|King of the Khyber Rifles|
|Directed by||Henry King|
|Produced by||Frank P. Rosenberg|
|Written by||Ivan Goff and Ben Roberts (screenplay)|
Harry Kleiner (story)
|Based on||King of the Khyber Rifles|
by Talbot Mundy
|Music by||Bernard Herrmann|
|Edited by||Barbara McLean|
|Distributed by||Twentieth Century Fox|
|Box office||$2.6 million (US rentals); $3.5 million (foreign rentals)|
King of the Khyber Rifles is a 1953 adventure film directed by Henry King and starring Tyrone Power and Terry Moore. The film shares its title but little else with the novel King of the Khyber Rifles (1916) by Talbot Mundy. This novel was also the basis for John Ford's The Black Watch (1929). The Khyber Pass scenes were shot in the Alabama Hills, Lone Pine, California. Released by 20th Century Fox, the film was one of the first shot in Technicolor CinemaScope.
In 1857, freshly-arrived Sandhurst-trained Captain Alan King (Tyrone Power), survives an attack on his escort to his North-West Frontier Province garrison near the Khyber Pass because of Ahmed, a native Afridi deserter from the Muslim fanatic rebel Karram Khan's (Guy Rolfe) forces. King was born locally and speaks Pashto. As soon as his fellow officers learn that his mother was a native Muslim (which got his parents disowned even by their own families), he falls prey to stubborn prejudiced discrimination. Lieutenant Geoffrey Heath (John Justin) even moves out of their quarters.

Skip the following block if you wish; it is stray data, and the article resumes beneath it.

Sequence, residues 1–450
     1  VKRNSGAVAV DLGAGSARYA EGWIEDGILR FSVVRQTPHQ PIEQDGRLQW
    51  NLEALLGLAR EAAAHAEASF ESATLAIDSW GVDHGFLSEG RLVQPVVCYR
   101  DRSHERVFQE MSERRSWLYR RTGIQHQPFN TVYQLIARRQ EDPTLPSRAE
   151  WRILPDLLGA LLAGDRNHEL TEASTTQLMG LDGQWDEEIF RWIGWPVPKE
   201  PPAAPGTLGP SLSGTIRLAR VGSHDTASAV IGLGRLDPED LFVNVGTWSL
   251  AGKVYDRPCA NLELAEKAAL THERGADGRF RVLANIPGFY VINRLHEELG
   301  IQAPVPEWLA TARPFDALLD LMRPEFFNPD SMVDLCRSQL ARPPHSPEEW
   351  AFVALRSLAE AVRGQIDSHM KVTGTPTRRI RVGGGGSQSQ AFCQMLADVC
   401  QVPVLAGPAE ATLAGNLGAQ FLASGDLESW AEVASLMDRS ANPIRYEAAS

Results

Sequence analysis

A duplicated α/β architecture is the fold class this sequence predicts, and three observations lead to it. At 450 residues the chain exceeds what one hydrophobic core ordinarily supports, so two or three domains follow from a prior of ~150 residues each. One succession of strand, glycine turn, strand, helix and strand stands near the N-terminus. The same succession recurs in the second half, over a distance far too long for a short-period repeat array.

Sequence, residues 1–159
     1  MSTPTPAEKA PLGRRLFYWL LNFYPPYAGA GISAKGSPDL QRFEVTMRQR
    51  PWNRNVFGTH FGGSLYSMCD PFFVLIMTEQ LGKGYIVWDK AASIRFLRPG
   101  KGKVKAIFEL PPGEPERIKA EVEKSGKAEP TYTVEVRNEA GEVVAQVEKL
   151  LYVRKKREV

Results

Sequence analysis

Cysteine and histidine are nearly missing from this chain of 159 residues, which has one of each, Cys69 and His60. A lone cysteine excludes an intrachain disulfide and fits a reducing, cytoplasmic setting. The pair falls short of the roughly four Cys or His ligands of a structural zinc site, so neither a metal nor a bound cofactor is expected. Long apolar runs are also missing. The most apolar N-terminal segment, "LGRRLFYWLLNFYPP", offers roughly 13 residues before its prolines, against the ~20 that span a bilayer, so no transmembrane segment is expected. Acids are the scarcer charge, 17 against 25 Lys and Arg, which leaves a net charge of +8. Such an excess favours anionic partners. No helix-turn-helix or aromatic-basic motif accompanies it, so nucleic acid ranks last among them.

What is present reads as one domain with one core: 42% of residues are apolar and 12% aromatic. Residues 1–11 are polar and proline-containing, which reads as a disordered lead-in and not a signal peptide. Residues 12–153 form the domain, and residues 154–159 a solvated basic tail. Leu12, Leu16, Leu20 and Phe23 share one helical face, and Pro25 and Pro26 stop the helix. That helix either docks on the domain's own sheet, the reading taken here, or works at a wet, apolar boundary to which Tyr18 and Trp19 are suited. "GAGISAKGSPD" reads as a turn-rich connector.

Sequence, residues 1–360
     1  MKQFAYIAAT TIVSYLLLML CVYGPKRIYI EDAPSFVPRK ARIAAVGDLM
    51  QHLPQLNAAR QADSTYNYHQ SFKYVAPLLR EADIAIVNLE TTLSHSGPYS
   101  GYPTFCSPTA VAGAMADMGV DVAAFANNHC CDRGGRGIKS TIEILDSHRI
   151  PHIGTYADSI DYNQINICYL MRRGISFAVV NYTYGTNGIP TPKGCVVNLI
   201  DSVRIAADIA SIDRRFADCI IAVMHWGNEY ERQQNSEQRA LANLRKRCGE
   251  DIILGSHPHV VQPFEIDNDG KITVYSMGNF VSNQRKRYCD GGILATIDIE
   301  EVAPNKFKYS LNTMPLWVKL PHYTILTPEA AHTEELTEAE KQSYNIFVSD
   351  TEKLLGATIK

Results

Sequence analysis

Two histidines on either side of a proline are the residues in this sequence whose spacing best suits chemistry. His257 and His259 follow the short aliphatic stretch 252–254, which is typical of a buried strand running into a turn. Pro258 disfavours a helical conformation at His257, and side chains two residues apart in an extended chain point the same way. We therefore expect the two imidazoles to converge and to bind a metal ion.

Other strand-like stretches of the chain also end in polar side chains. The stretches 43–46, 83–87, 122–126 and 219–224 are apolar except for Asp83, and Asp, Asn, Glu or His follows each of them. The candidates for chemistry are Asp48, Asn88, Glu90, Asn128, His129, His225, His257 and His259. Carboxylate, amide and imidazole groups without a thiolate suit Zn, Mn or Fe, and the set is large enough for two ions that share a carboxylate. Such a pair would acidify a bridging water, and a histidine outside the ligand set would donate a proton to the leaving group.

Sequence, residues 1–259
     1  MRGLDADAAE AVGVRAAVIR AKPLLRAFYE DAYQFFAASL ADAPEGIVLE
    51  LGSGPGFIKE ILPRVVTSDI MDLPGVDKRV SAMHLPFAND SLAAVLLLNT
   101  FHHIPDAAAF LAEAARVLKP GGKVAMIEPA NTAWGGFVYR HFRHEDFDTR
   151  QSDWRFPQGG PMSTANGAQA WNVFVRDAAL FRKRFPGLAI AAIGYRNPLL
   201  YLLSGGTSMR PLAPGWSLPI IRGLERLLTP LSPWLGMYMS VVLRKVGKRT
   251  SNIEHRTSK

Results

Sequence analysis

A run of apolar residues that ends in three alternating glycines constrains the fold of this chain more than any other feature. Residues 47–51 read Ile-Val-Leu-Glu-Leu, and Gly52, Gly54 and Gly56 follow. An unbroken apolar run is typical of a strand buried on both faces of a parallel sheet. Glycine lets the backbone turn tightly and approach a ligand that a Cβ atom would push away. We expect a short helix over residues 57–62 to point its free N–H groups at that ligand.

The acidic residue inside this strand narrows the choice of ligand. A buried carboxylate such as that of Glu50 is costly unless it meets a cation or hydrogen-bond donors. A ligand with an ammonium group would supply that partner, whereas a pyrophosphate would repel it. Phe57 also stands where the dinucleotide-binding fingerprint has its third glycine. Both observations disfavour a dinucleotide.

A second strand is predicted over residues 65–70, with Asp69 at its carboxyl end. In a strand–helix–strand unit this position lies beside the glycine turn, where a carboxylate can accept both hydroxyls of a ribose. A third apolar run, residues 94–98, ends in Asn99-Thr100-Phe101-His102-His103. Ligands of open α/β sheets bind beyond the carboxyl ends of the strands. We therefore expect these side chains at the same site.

Brigadier General J. R. Maitland (Michael Rennie), whose policy is full equality among whites, learns that King knew Karrum Khan as a boy and charges him with training and commanding the native cavalry. The general's daughter, Susan Maitland (Terry Moore), takes a fancy to Alan, even falls in love, but the general decides to send her home to England after a kidnap attempt which was foiled by King. King volunteers to engage Karram Khan, the only man who can bring the normally divided local tribes together in revolt, pretending to have deserted.
In January 1953 Fox announced the film would be one of a series of "super specials" the studio would make in CinemaScope.